“Something is seriously wrong. An alarming number of citizens, in America and around the world, are embracing crazy, even dangerous ideas.” So claim Steven Nadler and Lawrence Shapiro in their recent book, When Bad Thinking Happens to Good People, a work that seeks to diagnose our contemporary “epistemological crisis” and to offer some tools with which we can combat the scientifically unfounded and conspiratorial thinking that is on the rise, especially in the United States. Formerly fringe movements, such as the anti-vax movement and QAnon, are increasingly prominent in American public discourse. Such movements have been the basis of political campaigns and have inspired a swath of protest movements across the country. As a recent PRRI poll has shown, a “nontrivial 15 percent of Americans agree with the sweeping QAnon allegation that ‘the government, media, and financial worlds in the U.S. are controlled by a group of Satan-worshipping pedophiles who run a global child sex trafficking operation.’” These and similar beliefs are certainly not morally innocent: anti-vax misinformation has led to unnecessary suffering and death, and the climate-change denial endorsed by some of our most prominent politicians has left the United States remarkably unprepared for a crisis that is already upon us.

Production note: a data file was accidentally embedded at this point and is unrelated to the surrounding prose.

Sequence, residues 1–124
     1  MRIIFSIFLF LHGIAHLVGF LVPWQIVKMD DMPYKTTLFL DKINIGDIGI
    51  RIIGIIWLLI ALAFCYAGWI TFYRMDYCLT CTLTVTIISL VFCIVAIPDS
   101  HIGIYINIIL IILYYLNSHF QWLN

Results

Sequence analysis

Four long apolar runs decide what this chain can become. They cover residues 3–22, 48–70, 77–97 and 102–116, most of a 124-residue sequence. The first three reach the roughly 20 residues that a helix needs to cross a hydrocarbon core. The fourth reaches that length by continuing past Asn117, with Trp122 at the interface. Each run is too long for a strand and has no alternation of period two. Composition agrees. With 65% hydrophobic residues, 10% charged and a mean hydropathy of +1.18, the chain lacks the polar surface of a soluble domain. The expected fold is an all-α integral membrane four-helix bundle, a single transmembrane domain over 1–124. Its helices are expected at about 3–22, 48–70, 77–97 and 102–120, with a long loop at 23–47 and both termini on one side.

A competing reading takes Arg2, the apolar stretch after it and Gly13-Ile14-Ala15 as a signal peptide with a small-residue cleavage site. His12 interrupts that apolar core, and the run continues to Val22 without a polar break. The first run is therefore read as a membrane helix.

Nadler and Shapiro argue that the kind of “bad thinking” we see on display in climate-change denial and QAnon fanaticism is a special kind of intellectual failing, distinct from ignorance, miseducation, and stupidity. This kind of bad thinking is instead a kind of “epistemic stubbornness,” a refusal to give up one’s beliefs in the face of countervailing evidence. The epistemically stubborn are guilty of confirmation bias: they ignore any evidence that doesn’t help their case and glom on to any information that does—or seems to. Epistemically stubborn people may be intellectually gifted. They may understand the “canons of good reason” but refuse to abide by them (one of the authors’ examples: a professional philosopher who promoted the conspiracy theory that the Sandy Hook massacre was a false-flag operation). The key words in this analysis are “stubborn,” “ignore,” and “refuse.” While epistemically stubborn people are making intellectual mistakes when they uphold beliefs contrary to readily accessible evidence—beliefs that are often based on nothing more than hearsay and that conflict with other truths the stubborn thinker holds—they are also making moral mistakes. And not only because epistemic stubbornness can lead to morally bankrupt action (as when a parent refuses to vaccinate a child out of the baseless fear that vaccines cause autism). According to Nadler and Shapiro, epistemic stubbornness is morally fraught even when it doesn’t produce harmful consequences. Whatever its practical effect, it is a “character flaw deserving of blame.” Luckily, they tell us, “bad thinking is always avoidable.”